ourtesy photo Courtesy photo

 
Are they coming for a safari?

I have friends of mine who do not want to come for some typical safari but want to see the city life like the nightlife. For instance, Uganda has come to be known for its comedy and music scene. And since Yvonne Orji is a comedian who has opened on Comedy specials for Chris Rock, I hope she connects well with the comedy scene here, or even perform.

So, should we say, whenever you come back to Uganda, you always experience the nightlife?
Ha ha ha… I am experiencing the nightlife right now here with you at Emburara Farm Lounge. Uhm, yeah, I cannot believe Angenoir (currently Guvnor) is still there. How is Angenoir still a spot to be in? I mean, clubs do not last usually. They can be cool and not cool anymore, that place has been around since I was like a teenager. Wow. I still remember it around 1992.  I think there is a vibrant club scene here that people do not normally see whenever they come.

In your opinion, what’s the missing link in promoting Uganda out there?
I think there is traffic. I think people are coming here. CNN just ranked Uganda as one of the top beautiful places in the world. So, when you say we are not doing well in promoting Uganda out there, then you missed CNN’s headline. To be ranked as one of the top 25 places out of the whole world, and competing with places that have multimillion-dollar budgets to try and get on that list, who have publicists whose job is to make sure they are on that CNN list, is remarkable. I do know there is a completely different experience when you come to Uganda. Uganda is an oasis that you cannot miss seeing. It offers exclusivity.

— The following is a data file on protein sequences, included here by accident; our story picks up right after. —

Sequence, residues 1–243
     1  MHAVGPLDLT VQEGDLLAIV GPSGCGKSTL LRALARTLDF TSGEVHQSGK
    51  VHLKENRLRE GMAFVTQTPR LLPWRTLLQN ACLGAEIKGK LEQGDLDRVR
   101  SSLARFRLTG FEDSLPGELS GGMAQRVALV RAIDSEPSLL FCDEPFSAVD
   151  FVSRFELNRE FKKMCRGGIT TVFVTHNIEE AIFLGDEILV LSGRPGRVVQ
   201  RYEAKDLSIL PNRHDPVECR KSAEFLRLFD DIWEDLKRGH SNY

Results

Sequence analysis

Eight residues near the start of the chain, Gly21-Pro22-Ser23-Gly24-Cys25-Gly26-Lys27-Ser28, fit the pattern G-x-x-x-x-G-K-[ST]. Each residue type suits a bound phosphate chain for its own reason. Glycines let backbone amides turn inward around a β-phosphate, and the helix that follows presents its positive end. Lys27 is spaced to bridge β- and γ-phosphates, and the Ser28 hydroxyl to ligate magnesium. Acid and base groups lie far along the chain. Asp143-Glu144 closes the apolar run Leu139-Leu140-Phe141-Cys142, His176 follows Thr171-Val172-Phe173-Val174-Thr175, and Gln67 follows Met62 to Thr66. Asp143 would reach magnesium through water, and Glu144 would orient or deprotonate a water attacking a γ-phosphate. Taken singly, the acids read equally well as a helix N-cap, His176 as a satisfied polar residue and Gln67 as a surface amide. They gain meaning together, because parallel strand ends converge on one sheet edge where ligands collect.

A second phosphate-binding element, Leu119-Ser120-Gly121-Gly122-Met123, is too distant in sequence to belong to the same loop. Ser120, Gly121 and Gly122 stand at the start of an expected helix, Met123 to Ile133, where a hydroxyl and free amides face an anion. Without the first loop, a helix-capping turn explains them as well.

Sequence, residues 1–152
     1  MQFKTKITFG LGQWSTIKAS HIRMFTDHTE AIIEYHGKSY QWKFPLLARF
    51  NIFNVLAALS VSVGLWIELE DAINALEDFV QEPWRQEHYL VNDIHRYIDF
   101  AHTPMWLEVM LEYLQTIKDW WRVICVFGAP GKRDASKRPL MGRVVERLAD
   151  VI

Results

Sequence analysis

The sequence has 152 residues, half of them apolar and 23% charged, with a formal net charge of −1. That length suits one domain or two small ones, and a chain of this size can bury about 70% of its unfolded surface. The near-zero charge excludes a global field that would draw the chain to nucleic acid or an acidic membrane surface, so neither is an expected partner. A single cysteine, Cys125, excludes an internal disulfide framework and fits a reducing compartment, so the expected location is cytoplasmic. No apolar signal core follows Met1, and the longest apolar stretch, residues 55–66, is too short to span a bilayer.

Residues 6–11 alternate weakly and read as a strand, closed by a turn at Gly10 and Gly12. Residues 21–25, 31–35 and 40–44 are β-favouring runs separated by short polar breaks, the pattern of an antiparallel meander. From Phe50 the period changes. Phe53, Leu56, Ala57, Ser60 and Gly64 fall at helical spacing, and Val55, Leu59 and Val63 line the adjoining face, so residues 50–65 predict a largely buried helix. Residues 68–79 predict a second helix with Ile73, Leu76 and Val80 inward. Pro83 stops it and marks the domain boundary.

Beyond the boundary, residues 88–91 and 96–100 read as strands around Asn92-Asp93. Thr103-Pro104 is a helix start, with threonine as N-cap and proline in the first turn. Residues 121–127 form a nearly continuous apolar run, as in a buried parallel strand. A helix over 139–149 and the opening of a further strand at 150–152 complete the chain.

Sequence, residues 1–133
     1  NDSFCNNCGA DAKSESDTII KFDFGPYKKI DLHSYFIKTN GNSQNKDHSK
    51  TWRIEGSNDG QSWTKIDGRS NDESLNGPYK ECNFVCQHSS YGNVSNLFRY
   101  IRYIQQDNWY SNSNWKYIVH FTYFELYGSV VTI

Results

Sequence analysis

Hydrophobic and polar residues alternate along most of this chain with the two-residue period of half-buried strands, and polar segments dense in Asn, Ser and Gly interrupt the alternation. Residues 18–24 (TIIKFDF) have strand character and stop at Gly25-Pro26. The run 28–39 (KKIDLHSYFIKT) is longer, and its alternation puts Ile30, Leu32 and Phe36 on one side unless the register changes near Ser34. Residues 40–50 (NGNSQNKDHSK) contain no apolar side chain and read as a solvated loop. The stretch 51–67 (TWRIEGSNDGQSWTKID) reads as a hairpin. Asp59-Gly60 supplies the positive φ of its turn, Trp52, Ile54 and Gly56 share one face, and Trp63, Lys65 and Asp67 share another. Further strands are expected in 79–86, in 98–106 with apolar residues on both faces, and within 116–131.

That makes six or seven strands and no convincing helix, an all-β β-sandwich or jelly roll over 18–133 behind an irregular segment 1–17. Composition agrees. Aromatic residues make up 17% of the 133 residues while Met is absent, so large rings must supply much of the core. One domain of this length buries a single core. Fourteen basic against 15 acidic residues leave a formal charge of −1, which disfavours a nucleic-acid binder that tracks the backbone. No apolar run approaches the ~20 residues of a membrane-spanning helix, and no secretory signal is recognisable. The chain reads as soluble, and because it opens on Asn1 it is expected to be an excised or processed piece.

tare uma baho wine left with the writer teven deke Ntare Guma Mbaho Mwine (left) with the writer Steven Odeke

 
Being a reputable actor; by now you are well acquainted with our film industry, how best can we have our movies reach standards of, say, be nominated in the Oscars?
Uhm, they have to keep creating their own work. Ugandans have a unique voice. They do not necessarily have to try to package it for the masses but speak from that Ugandan experience and perspective. Everyone has a unique story to tell. Everyone has gone through some sort of struggle, joy, some drama, some obstacle they would like to overcome. I do not think every story has been told here. But I am really excited about the future because the time is now to be telling those stories. You know why? Because people now have all the means in their palms - with their phones. The means of storytelling has been democratized. So, it is really an exciting time. And I think times have changed. When I was growing up, they weren’t making Ugandan movies. Now you are saying they are making movies every day. So, that, you have to accept is progress. In 20 years, things have changed radically. What do you think is to happen in the next 20 years? The film industry here is one of the youngest of the arts, right? So you do not treat the youngest of the kids with the stick yet, okay? You have to nurture them and let them take their time to find their foot and voice before we start criticizing them.

But it seems the industry has been given enough time?
How old is the baby, may be compared to the other players? You cannot compare them. It is not fair. Filmmaking is different from every other art form. Writing is solitary, right? Painters and musicians can work as individuals, filmmaking, and television is the most collaborative art forms there is. It is one that requires the most tactician demands. So, I think to judge them in Ugandan terms is harsh. But I am thrilled. There are some really exciting filmmakers here. I have read scripts from people here who want me to star in their movies and I cannot keep up with them because they are many. Currently, I am working on something with Ugandan filmmaker Loukman Ali and we are shooting something here. I want you to set the time limit; so that we come back and talk about the film industry here and see whether it has moved forward or backward and I can guarantee you they will be forward.